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Wild Things: Invasion of the Bot Fly

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There's a reason the fly swatter was invented. Flies are pesky and annoying. Bot flies are no exception but they're not your average housefly. They look and buzz like a plain old housefly but bot flies are myiatic flies. That means they invade the living tissue and organs of humans and animals and burrow into the skin when they are in their larvae stage. When they're adults, species like the Horse Stomach bot fly look like honeybees.

Know Where They Live

Most bot flies live in Central and South America, but some species, like the Horse Stomach bot fly, can be found all over the world.

This is Gross

The Human bot fly infests humans and a wide ranch of animals, especially cattle. Infections from myiatic flies start out as itchy sores and turn into painful boil-like sores that often ooze. Because the bot fly tunnels into the flesh, it has to be surgically removed.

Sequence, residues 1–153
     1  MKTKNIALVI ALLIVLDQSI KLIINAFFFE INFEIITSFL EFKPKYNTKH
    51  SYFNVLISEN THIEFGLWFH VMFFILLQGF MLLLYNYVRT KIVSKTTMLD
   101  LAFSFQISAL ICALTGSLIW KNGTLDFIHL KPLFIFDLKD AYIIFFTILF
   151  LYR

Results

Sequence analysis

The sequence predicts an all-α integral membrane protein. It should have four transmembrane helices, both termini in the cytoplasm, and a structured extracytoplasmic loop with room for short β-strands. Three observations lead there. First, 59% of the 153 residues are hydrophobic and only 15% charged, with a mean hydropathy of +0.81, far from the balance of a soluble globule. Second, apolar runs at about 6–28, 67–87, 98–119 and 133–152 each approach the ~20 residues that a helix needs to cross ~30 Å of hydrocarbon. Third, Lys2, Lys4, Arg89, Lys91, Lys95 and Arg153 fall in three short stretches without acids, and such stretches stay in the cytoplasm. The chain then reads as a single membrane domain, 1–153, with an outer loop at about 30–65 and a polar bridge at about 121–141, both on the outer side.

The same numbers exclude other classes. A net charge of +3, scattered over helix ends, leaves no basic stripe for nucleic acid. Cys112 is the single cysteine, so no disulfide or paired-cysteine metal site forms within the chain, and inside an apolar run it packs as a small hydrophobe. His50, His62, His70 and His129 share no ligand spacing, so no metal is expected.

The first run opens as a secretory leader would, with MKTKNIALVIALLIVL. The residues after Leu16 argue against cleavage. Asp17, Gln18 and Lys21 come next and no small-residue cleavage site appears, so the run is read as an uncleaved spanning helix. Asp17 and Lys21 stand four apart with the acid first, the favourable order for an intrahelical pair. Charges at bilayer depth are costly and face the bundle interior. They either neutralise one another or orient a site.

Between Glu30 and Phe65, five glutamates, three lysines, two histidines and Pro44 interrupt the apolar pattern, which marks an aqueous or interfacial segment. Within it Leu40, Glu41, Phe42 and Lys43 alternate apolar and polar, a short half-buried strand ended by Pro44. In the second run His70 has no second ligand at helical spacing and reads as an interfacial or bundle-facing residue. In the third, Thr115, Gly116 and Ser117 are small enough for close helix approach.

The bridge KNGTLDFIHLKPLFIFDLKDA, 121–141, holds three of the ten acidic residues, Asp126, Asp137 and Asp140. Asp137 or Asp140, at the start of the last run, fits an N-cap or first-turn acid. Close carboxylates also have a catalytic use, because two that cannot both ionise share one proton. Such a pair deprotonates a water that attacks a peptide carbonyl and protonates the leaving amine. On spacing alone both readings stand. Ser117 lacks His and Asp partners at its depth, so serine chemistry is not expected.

The red larvae of the Horse Stomach bot fly develop by clustering in an animal's stomach. It can remain attached to the flesh with its mouth for up to a year.

Life Cycle

Pregnant Horse Stomach bot flies usually leave their eggs on the hairs of the forelegs and chest area of an animal. The eggs usually hatch within a week.

In the case of the Human bot fly, the female fly captures another blood-sucking insect like a tick or a mosquito and glues her eggs to its abdomen. When this insect feeds, the larvae hatch and penetrate the skin of the animal their host is sucking blood out of. They will live there until they are removed.

Did you know that not all flies fly? The 'sheep ked' is a fly that spends its entire life in the fleece of sheep.

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